With that Havers rested his mitigation arguments, leaving the final act of the drama to be enacted by those on the bench. Judge Block was no doubt wary of the ramifications that could result from what had occurred over the last few days and, with the global spotlight allowing legal observers to eavesdrop on events, he knew that any slip would be seized upon by critics. Nonetheless, the law permitted the bench, under his advisement, to legitimately impose lengthy prison sentences. If, indeed, Block chose to employ the full weight of the law, Fraser could be imprisoned for seven years, Jagger for two years and Richards for a substantial 10 years.

While the jury in Richards’ case had taken their time in reaching a verdict, it took only a few minutes of deliberation for Block and his colleagues to arrive at the sentences for the three defendants. With the sorry triumvirate of Jagger, Richards and Fraser standing as one in the dock, their charges were read out again before sentencing could take place. As protocol dictated, it was be delivered by the man who’d assumed the mantle of the establishment. Standing before him were characters with whom he felt little kinship, and whose reputation he’d attempted to trample underfoot. At the age of 61, and representing a generation that felt betrayed by the brazen, lawless antics of figures like The Rolling Stones, Judge Block could now roll out a judgement that was commensurate with the resentment felt against them from his quarter.

The time now was just past 3:45 p.m. A hush descended on the courtroom, lawyers on both sides of the legal fence resting their enormous library of paperwork and looking up at the bench. Outside, over 600 fans and curious onlookers had gathered to await the verdict. There was an ominous quiet in the room as Judge Block read out the first of the sentences.

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“Keith Richards, the offence for which you have very properly been convicted carries a maximum sentence, imposed by Parliament, of up to ten years… That is a view of the seriousness of the offence… You will go to jail for one year. You will also pay £500 towards the cost of the prosecution. Go down.”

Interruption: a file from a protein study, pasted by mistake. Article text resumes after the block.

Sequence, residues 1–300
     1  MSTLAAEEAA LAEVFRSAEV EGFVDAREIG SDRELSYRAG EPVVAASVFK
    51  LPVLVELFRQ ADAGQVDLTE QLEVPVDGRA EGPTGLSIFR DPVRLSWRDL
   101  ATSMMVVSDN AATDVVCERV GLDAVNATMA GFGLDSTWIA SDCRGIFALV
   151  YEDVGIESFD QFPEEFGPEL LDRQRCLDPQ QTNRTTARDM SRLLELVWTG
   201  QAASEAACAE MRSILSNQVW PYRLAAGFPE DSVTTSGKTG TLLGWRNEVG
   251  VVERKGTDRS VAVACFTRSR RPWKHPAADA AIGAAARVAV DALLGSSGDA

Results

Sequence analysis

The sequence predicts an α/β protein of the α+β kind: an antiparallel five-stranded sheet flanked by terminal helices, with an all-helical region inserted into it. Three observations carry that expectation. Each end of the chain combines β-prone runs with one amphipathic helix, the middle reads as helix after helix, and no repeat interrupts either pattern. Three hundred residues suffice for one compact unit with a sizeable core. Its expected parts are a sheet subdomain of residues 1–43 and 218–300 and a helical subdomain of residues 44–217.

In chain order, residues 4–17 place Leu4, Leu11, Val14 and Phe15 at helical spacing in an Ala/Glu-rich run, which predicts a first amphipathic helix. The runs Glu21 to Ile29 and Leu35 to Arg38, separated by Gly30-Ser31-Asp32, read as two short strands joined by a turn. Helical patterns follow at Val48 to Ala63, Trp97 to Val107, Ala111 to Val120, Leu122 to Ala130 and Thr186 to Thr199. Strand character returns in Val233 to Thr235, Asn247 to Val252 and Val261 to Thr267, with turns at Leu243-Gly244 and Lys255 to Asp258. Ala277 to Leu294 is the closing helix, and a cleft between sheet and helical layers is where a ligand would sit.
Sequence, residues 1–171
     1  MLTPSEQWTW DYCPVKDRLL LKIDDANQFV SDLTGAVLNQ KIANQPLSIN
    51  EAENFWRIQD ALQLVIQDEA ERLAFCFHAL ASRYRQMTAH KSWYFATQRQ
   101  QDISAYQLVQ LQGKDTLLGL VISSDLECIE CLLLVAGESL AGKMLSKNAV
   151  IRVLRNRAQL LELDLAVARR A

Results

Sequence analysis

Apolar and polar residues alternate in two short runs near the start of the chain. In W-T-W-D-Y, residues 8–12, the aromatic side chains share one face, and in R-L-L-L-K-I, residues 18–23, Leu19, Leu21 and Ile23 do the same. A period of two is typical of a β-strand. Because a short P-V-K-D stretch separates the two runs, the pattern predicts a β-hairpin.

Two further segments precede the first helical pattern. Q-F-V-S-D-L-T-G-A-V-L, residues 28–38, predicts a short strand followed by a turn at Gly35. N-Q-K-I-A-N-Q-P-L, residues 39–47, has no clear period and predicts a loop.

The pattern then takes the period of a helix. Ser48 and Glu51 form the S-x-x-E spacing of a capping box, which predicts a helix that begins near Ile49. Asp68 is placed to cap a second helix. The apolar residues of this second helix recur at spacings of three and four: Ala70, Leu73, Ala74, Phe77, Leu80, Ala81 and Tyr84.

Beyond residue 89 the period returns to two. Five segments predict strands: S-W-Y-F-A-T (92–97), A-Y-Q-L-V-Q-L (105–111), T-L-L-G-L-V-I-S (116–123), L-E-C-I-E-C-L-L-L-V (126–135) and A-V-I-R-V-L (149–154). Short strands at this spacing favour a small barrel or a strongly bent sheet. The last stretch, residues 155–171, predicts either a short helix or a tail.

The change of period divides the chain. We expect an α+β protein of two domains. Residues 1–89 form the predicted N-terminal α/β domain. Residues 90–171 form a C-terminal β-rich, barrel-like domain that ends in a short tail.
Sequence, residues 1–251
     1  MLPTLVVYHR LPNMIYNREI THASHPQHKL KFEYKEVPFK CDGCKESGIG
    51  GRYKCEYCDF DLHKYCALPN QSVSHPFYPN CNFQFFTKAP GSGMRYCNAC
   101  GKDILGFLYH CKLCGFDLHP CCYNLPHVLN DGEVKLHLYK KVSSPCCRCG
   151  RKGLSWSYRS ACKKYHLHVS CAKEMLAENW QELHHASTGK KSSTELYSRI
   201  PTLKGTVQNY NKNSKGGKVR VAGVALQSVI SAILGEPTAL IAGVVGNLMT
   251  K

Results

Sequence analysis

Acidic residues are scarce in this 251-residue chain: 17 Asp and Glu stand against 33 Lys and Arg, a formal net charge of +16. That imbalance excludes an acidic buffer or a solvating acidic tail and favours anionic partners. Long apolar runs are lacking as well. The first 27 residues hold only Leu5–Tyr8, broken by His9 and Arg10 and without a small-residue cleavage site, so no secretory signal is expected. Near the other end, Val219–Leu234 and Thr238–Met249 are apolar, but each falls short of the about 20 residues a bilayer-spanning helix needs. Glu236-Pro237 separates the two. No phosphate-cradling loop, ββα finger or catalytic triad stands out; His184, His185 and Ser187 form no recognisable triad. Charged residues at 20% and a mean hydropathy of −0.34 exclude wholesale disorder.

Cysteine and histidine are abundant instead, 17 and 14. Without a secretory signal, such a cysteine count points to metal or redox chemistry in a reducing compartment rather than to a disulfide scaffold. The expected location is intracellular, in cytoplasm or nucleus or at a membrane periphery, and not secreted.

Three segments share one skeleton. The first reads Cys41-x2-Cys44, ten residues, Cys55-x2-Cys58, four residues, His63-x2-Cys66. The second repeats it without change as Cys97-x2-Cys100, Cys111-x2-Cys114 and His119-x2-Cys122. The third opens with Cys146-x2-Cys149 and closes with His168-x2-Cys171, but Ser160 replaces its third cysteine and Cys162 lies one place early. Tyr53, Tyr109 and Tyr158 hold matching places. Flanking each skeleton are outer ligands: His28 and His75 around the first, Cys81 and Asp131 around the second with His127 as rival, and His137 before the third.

There were immediate cries of ‘No! No!’ and gasps of shock from fans in the public gallery. A flurry of murmuring broke out between reporters and other interested parties. Richards, it was observed, did nothing. He simply stared blankly at the bench. Judge Block called for silence.

“Robert Hugh Fraser, you have pleaded guilty to possessing a highly dangerous and harmful drug. You will go to prison for six months. You will also pay £200 towards the costs of the prosecution. Go down.”

On hearing this, Fraser noisily expended a large amount of air from his cheeks, and then clicked the heels of his black patent shoes together. With his celebrity restricted to London’s art world, there were no cries or screams from the gallery.

With two of the Redlands Three sentenced to jail terms, any immediate hopes for Jagger’s freedom appeared slim. While Keith’s sentencing appeared grossly severe, the most pertinent question on everyone’s lips was whether his fellow Stone would meet a similar fate, his greater popularity causing a pregnant hush to fall as Judge Block prepared to read out the sentence.

 “Michael Phillip Jagger,” he began ominously. “You have been found guilty of possessing a potentially dangerous and harmful drug. You will go to prison for three months. You will pay £200 towards the costs of the prosecution. Go down.”

/mick jagger keith richards marianne faithfull simon wells the rolling stones matteo sedazzari zani 4.As the words left Judge Block’s mouth, Jagger put his hand to his face and began to sway. With warders signalling that the trio should walk down to the cells, Richards momentarily clasped the wooden rail in front of him and glared over at the bench. During their descent, the public gallery erupted in a cacophony of screams, shouts and expressions of outrage. Jagger was evidently the most broken of the three and as he was taken away by a warder, he glanced up towards the gallery at a grieving Marianne Faithfull. In the few seconds allotted, the pair exchanged a sullen glance, and even from her remote vantage point she could see that he was crying. He turned and looked down the 12 stone steps leading to the cells, put his hands up to his face and staggered forward.

“I just went dead,” Jagger would later recall. “It was just like a James Cagney film, except everything went black.”


The Daily Telegraph, not then known for expending emotional hyperbole on pop stars, was fairly poetic in its coverage of the moment Jagger was convicted.


“Jagger almost broke down and put his head in his hands as he was sentenced,” wrote their correspondent. “He stumbled out of the dock almost in tears.”

The public gallery was in chaos. Two young girls clung to each other, weeping. Looking down at the broken figure of Jagger being led to the cells, one of them cried out, “They’re only jailing him because he has long hair.”

© - Words Simon Wells



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Read 3760 times Last modified on Friday, 08 May 2015 15:29